Today’s class is now in session, and our topic will be how one can build character through the use of adversity. For our purposes we will hang around the lighter side of the equation, which is to say we will not delve into the more maudlin aspects of the subject. Hey, this is supposed to be fun so we’ll keep it enjoyable but nonetheless instructive.
Included in our discussion may be an occasional reference to the Richter Scale of Adversity and Character Scientology, which can be helpful when trying to compare the relative usefulness of a particular adverse happening as it applies to building character.
Now on to the lecture.
There are several schools of thought on this topic of adversity as a builder of character. There is the Abraham Lincoln philosophy, which says, “Adversity doesn’t build character; it reveals it.” Then there’s the Book of Proverbs, which tells us, “Smooth seas do not make skillful sailors.” There’s also the Albert Einstein doctrine that sagely offers us this tidbit: “Adversity introduces a man to himself.” Then there’s the creed according to Richardson, which states, “If you cannot go fishing, forgot your beanie weenies and your boat won’t crank you have a real problem. All else is mere inconvenience.”
No matter which one of these you subscribe to most closely it is safe to say that when we face difficult times good things can actually be the ultimate result.
Let’s say you are driving down I-75 and have a flat tire. That ranks as a 3 on the Richter Scale because it is quite vexing and can be hazardous to your health. If you have never experienced this particular disaster I can tell you from firsthand knowledge that changing a tire while big old semi-tractor trailer rigs are zooming by at 85 miles per hour can be a harrowing event and certainly qualifies as adversity. If it’s dark, raining, the flat is on the traffic side, and your wife is giving you specific instructions on how to go about this task the Richter Scale rating can jump up in excess of 7. However on the bright side this encounter with adversity can build character in the form of courage, patience and resilience.
OK here’s another set of circumstances to consider. You and your buddies are going duck hunting. You have chosen the coldest, most miserable morning in the history of mankind for this adventure. All good duck hunters will tell you that this is the prime time to go. The beaver pond is frozen over and you tromp through the swamp breaking ice as you go. You reach the best position possible to ensure success - and discover that your waders are leaking. That easily rates as a 4 on the Richter Scale of adversity. If you lose your balance and topple over head first the rating goes immediately to a 6. If you gamely finish the hunt and miss every shot you take, one can reasonably assume a rating of 8 would be a conservative estimate. The ensuing character that is built comes in the form of a more astute eye when buying waders, some physical conditioning specifically for balance control and a renewed vigor at practicing with your shotgun under difficult conditions. See - adversity really can build character.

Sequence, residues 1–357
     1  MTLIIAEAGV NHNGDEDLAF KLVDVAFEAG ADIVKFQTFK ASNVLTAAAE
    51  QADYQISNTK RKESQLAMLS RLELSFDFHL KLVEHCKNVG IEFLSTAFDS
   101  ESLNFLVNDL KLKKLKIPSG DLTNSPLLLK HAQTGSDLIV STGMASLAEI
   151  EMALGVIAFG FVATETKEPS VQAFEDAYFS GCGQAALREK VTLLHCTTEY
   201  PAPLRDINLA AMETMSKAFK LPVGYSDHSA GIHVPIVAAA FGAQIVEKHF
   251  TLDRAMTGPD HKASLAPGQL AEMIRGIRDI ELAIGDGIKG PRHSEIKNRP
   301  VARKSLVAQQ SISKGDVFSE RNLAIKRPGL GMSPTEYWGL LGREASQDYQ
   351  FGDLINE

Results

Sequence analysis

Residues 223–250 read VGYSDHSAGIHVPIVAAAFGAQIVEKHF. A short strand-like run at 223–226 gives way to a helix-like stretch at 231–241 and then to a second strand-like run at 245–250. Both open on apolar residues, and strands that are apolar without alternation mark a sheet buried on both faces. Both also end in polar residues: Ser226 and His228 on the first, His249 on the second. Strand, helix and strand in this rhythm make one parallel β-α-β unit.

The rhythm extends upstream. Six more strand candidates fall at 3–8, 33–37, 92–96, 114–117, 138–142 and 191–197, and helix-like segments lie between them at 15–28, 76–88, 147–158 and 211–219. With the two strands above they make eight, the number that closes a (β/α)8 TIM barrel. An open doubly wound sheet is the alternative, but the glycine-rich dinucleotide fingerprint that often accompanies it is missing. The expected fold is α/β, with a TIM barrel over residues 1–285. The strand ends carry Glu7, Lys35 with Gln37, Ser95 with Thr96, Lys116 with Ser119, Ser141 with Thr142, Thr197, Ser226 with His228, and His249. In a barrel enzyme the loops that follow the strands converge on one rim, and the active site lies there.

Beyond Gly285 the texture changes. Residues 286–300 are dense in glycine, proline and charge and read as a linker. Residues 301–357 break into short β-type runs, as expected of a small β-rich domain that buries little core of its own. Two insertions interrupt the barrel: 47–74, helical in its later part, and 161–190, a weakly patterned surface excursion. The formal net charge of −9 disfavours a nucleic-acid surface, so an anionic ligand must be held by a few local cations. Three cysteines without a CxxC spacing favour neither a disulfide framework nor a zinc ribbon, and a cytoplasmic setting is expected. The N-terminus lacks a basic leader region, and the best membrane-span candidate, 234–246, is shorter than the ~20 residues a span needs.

Now here’s an instance where I actually provided some adversity for a young fellow that needed some serious character strengthening. When one of my daughters turned 17 and became eligible to date under our house rules we had a young man come into our driveway. That was expected. What was unexpected and unacceptable under the Richardson principle of tolerable behavior was that he drove up and blew the horn. That was a mistake. I hustled out to his car to inquire if he was the UPS man. Quoth I: “Young fella’ I hope you are dropping off a package because you sure as #%@$ ain’t picking one up.” I hoped he would gain some insight from that incident but alas he compounded his error by showing up in my office at school the next week. My office happened to be the one at school where discipline offenders were sent. That conversation and subsequent action would easily rank as a 10 on the Richter Scale. I don’t know if his character improved as a result of those lessons because I never laid eyes on him again - at school or in my driveway.
Examples of how adversity can build character have been common in my life, and thus my lecture today has been one based on experience. Those incidents run the gamut from making a 53 for two consecutive years in trigonometry (a 2 on our scale), to discovering a hole in my boat much too late (easily a 5), to planting tomatoes under my wife’s watchful eye (a 9.8).
Because of these things and others that have not been included in this lesson I can honestly say that my character rating is an impeccable 10.
Like the old Arab proverb says, “Sunshine all the time makes a desert.”
Alvin Richardson can be reached at firstname.lastname@example.org